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There he stopp'd short, nor since has writ a tittle,
But has the Wit to make the most of little :
Like stunted hide-bound Trees, that just have got
Sufficient fap at once to bear and rot.
Now he begs Verse, and what he gets commends,
Not of the Wits his foes, but Fools his friends.

So some coarse Country Wench, almost decay'd, 15
Trudges to town, and first turns Chambermaid ;
Awkward and supple, each devoir to pay ;
She flatters her good Lady twice a-day;
Thought wondrous honest, though of mean degree,
And strangely lik’d for her Simplicity :
In a translated Suit, then tries the Town,
With borrow'd Pins, and Patches not her own :
But just endur'd the Winter she began,
And in four Months a batter'd Harridan.
Now nothing left, but wither’d, pale, and shrunk, 25
To bawd for others, and go shares with Punk.

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To Mr. JOHN MOORE, Author of the celebrated Worm-POWDER.


OW much, egregious Moore, are we

Deceiv’d by Mews and forms! Whate'er we think, whate'er we see,

All Humankind are Worms.

Man is a very Worm by birth,

Vile, reptile, weak, and vain !
A while he crawls upon the earth,

Then shrinks to earth again.
That Woman is a Worm, we find

E’er since our Grandame's evil;
She first convers’d with her own kind,

That ancient Worm, the Devil.
The learn'd themselves we Book-worms name,

The Blockhead is a Slow-worm ;
The Nymph whose tail is all on flame,

Is aptly term'd a Glow-worm :
The Fops are painted Butterflies,

That Aytter for a day;
First from a Worm they take their rise,

And in a Worm decay.
The Flatterer an Earwig grows;

Thus Worms fuit all conditions ;
Misers are Muck-worms, Silk-worms Beaus,

And Death-watches Physicians.

That That Statesmen have the Worm, is seen

By all their winding play ;
Their Conscience is a Worm within,

That gnaws them night and day.
Ah Moore! thy skill were well employ'd,

And greater gain would rise,
If thou could'st make the Courtier void

The Worm that never dies !

O learned Friend of Abchurch-Lane,

Who sett'st our entrails free; Vain is thy Art, thy Powder vain,

Since Worms shall eat ev'n thee.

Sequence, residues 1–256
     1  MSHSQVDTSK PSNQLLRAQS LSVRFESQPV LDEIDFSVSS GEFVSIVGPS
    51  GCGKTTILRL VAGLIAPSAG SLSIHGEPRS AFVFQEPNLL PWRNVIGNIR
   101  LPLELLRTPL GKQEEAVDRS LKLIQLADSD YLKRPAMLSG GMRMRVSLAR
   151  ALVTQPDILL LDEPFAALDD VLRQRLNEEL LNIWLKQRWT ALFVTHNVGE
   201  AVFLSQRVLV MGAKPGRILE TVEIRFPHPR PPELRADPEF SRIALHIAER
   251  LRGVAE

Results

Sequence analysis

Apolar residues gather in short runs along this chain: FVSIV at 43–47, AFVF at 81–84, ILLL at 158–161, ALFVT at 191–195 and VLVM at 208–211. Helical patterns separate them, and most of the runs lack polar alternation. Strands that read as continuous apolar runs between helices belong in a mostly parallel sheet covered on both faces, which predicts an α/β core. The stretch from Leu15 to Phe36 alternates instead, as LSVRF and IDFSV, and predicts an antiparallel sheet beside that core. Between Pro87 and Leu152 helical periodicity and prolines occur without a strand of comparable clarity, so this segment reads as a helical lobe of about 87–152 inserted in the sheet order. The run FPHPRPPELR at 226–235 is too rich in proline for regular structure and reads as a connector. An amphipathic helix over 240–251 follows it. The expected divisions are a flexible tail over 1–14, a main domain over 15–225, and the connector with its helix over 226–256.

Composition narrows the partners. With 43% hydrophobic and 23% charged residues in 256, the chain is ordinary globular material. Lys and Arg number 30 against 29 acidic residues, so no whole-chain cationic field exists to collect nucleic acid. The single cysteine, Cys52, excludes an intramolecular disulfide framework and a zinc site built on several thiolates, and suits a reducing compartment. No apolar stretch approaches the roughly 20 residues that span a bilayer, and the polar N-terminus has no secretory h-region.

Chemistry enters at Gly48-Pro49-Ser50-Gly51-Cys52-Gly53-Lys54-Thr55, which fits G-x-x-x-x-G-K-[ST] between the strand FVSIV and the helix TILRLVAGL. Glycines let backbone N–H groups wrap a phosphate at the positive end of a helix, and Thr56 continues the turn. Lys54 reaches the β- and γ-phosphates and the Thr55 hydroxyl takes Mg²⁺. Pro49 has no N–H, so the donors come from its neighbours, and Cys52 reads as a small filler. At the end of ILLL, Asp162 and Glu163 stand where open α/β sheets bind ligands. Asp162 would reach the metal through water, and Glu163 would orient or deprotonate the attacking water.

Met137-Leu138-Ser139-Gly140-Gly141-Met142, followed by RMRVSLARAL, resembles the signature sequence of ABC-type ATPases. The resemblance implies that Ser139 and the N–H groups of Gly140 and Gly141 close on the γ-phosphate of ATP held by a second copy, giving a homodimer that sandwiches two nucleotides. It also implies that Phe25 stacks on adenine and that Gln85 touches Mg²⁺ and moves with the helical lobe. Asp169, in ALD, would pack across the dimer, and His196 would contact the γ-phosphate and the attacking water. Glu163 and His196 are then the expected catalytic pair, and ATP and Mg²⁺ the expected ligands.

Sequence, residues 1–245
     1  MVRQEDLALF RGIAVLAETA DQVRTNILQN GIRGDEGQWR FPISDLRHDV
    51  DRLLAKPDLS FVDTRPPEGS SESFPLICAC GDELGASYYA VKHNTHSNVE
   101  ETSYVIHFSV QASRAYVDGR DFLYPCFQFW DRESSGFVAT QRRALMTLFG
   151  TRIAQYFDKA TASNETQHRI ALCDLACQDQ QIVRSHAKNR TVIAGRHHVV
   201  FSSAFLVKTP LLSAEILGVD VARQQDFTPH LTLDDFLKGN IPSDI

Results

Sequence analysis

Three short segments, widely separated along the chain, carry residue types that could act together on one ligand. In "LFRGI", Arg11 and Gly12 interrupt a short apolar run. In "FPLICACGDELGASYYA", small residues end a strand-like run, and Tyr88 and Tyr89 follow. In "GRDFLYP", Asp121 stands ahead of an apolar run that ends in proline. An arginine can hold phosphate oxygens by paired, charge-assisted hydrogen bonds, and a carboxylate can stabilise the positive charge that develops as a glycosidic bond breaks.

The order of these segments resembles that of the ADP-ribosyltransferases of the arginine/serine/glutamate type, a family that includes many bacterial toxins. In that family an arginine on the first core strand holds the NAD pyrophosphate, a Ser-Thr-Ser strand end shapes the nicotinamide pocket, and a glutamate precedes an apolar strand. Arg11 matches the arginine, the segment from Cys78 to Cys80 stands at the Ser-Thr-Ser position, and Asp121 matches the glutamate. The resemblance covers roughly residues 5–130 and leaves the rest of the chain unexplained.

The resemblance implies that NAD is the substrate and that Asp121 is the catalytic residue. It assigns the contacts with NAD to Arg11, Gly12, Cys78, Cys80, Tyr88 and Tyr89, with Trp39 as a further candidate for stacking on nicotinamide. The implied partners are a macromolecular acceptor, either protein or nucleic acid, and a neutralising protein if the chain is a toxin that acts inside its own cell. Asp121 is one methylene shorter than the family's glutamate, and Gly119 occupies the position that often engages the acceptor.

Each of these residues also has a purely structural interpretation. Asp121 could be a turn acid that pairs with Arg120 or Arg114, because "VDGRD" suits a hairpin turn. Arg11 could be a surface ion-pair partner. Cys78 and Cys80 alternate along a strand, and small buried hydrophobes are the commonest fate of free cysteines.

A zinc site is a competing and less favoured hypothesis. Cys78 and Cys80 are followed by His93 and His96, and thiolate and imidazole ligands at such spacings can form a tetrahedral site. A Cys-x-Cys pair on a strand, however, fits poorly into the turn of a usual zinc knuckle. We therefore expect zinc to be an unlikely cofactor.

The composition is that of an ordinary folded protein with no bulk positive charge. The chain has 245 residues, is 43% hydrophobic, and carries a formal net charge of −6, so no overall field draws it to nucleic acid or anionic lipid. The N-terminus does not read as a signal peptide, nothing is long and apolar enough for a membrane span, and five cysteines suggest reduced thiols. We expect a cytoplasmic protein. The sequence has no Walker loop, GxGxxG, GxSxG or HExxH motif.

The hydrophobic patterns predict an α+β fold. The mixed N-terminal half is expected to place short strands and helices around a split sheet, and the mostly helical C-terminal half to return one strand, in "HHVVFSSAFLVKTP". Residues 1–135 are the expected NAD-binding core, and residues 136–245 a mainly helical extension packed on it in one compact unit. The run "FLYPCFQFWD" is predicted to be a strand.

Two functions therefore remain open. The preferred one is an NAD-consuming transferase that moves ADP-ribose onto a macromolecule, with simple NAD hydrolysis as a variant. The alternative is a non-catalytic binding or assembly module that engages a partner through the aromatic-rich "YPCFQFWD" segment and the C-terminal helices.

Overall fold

Our Fate thou only can'st adjourn

Some few short years, no more!
Ev’n Button's Wits to Worms shall turn,

Who Maggots were before.


SONG, by a Person of Quality.

Written in the Year 1733.

Luttering spread thy purple Pinions,

Gentle Cupid, o'er my Heart;
I a Slave in thy Dominions;
Nature must give Way to Art.

Mild Arcadians, ever blooming,

Nightly nodding o'er your Flocks,
See my weary Days consuming,
All beneath yon flowery Rocks.

Thus the Cyprian Goddess weeping,

Mourn'd Adonis, darling Youih:
Him the Boar, in Silence creeping,
Gor'd with unrelenting Tooth.

IV. Cynthia, tune harmonious Numbers;

Fair Discretion, string the Lyre; Sooth my ever-waking Slumbers : Bright Apollo, lend thy Choir.

V. Gloomy Pluto, King of Terrors,

Arm'd in adamantine Chains, Lead me to the Crystal Mirrors,

Watering foft Elyfian Plains.

VI. Mournful Cypress, verdant Willow,

Gilding my Aurelia's Brows, Morpheus hovering o'er my Pillow, Hear me pay my dying vows.

Melancholy smooth Mæander,

Swiftly purling in a Round,
On thy Margin Lovers wander,
With thy flowery Chaplets crown'd.

Thus when Philomela drooping,

Softly seeks her filent Mate, See the Bird of Juno stooping;

Melody resigns to Fate.


I Know the thing

that's mot uncommon ;
(Envy be silent, and attend !)
I know a reasonable Woman,

Handsome and witty, yet a Friend.
Not warp'd by Passion, aw'd by Rumour,

Not grave through Pride, nor gay through Folly, An equal Mixture of Good-humour,

And sensible soft Melancholy.
“ Has she no faults then (Envy says) Sir ?"

Yes, she has one, I must aver :
When all the World conspires to praise her,

The Woman's deaf, and does not hear.


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